Posted in 2018 Oregon Bikecation (Bike Rides Northwest)

Its “The Wagon”

Monday, July 23, 2018                             John Day to Sumpter

57.81 miles
11.6 average
4 hrs. 56 min. riding time

Temperature was good for sleeping last night but I still woke up in the middle of the night – I think because my hips were hurting. It was nice to wake up to a comfortable temperature in the morning.

I was more organized today and got on the road around 7:30.

Most of today’s ride was the same as my cross country ride last year.  I got to see the giant Conestoga wagon again. I remembered most of the climbing but the heat made it tough.

The giant wagon
Top of Dixie Pass
Tipton Summit

 

 

 

 

 

 

 

 

Ended the ride with Don again today.

Went to see the Sumpter Dredge. Heard the park ranger presentation and got to go onto the dredge. Went into town for ice cream but got there too late. The store had already closed. (sad face)

The Sumpter Dredge

 

 

 

Gold from the dredge! Not.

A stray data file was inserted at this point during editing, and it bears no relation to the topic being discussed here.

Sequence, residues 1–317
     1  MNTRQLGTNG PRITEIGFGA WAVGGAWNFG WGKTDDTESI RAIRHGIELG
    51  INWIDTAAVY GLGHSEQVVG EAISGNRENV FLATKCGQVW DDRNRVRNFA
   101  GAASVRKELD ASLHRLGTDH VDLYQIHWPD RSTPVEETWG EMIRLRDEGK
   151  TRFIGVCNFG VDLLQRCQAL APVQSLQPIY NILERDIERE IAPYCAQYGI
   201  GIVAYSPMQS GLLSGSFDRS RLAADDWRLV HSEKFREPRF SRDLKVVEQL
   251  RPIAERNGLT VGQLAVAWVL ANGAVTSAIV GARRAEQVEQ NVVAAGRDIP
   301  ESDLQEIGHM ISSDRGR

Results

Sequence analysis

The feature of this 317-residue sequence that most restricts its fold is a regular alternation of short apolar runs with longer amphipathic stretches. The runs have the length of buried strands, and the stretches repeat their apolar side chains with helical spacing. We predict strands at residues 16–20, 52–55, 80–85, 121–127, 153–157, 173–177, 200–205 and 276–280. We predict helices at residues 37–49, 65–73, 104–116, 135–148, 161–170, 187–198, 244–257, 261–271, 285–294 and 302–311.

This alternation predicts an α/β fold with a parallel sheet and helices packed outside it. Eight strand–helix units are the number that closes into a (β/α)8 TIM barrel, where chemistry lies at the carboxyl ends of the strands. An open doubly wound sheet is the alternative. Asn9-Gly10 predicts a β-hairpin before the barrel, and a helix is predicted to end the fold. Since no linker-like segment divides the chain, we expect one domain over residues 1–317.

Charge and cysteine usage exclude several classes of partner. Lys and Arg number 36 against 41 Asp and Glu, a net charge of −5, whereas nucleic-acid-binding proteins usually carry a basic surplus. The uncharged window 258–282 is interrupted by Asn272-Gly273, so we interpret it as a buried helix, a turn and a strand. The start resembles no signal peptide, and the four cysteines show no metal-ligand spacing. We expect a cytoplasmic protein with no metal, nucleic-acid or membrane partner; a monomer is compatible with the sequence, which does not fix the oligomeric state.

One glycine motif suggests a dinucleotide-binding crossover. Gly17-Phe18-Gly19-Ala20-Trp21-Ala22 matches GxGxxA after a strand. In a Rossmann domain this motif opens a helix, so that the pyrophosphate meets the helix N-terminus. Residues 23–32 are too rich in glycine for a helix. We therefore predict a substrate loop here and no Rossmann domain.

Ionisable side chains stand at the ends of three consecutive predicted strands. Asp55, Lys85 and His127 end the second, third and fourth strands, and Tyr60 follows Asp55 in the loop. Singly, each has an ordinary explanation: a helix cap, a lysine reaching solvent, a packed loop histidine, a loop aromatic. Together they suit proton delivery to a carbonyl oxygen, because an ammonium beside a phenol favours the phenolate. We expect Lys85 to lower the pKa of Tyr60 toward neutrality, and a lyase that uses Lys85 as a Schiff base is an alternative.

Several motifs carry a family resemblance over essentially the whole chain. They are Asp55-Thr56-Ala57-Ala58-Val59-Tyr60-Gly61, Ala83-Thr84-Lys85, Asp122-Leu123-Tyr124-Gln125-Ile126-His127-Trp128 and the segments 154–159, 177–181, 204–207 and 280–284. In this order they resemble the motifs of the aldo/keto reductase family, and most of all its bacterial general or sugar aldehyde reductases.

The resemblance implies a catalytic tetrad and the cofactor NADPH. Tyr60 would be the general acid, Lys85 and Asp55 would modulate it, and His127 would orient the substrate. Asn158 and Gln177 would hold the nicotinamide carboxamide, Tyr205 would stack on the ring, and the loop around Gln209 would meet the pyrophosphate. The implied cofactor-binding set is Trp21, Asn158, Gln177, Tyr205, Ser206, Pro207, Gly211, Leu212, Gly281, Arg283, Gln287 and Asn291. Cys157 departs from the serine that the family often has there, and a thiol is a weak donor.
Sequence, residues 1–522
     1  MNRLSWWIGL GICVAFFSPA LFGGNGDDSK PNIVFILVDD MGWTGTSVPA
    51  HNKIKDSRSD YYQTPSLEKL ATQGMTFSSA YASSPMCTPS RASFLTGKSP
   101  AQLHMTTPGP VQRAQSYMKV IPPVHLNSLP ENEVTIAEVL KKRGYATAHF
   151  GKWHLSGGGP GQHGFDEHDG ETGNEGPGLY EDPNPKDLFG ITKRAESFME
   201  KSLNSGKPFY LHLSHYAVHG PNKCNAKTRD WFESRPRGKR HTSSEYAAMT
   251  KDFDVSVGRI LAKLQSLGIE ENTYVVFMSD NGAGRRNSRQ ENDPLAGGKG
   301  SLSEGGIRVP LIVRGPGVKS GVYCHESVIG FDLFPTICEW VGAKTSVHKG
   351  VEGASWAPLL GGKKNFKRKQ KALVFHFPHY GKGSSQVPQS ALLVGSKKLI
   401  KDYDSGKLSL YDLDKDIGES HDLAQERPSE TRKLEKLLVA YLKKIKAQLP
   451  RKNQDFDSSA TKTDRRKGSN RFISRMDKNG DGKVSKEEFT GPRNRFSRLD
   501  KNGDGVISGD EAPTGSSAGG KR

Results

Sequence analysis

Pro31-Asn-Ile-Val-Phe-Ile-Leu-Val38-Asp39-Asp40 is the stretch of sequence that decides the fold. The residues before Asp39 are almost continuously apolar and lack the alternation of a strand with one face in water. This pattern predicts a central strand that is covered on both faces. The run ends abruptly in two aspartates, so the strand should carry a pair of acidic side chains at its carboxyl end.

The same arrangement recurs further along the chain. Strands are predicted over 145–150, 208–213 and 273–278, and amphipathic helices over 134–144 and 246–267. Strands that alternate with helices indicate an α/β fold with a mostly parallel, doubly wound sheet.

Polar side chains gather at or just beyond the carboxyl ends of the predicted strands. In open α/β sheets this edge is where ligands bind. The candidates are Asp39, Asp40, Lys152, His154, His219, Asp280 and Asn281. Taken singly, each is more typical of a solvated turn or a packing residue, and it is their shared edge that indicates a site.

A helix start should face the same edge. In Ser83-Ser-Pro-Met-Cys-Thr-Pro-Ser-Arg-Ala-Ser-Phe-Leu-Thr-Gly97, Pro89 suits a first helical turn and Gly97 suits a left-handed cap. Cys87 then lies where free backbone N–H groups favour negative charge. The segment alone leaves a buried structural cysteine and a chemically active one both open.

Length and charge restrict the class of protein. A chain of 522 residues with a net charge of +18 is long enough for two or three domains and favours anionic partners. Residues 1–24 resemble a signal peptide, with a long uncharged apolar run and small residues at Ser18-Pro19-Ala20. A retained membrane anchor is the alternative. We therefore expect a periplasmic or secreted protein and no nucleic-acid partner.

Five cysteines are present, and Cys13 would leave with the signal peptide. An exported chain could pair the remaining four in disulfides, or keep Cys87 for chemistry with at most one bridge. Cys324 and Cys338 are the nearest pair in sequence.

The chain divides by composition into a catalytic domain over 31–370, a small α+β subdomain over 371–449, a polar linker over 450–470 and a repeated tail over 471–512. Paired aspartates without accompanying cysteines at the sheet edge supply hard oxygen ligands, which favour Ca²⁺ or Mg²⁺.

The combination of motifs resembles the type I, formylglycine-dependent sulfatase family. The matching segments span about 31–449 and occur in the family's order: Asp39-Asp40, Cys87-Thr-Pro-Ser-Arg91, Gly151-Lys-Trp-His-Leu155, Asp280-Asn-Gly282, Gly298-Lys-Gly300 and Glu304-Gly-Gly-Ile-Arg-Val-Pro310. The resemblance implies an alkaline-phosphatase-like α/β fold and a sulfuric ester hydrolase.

It is supposed to be 96 degrees tomorrow but the night will be in the 50s.

From BRNW Oregon 2018:

On the route

We’re starting off on the Old West Scenic Bikeway today, all the way to Austin Junction.

It’s not like you’ll miss it, but the giant covered wagon on the left as you’re climbing up after Prairie City is worth a look/photo.

Whether it’s for a tour or just a casual look, the Sumpter Valley Dredge State Heritage Area is a must‐see. The dredge, and the tailings piles it created for miles around, are an integral and enlightening part of Oregon’s history.

Sumpter history

Established shortly after the city of John Day, Sumpter quickly became a mining boomtown in the 1890s and early 1900s. A rock as round as a cannonball provided the inspiration for the city’s name, which references Fort Sumter in the American Civil War (no, we don’t know why they’re spelled differently).

The Sumpter Valley Railway bolstered the town’s economy and population, which grew to more than 2,000 when the gold mines were still rich and full. In a short time the bustling town held churches, saloons, a brewery, opera house and three newspapers. But the boom was met with an early bust when a fire destroyed 12 city blocks in 1917.

The historic dredge and excursion train running along a part of the former SVR offer a view into the heart of Sumpter during its busiest time.

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Author:

female, married, in love, beautiful grown daughters, great and large extended family spread all over the US, enjoying my life, my favorite place to be is outside (unless its cold and wet-then by a warm fire in the house), I live in the mountains.

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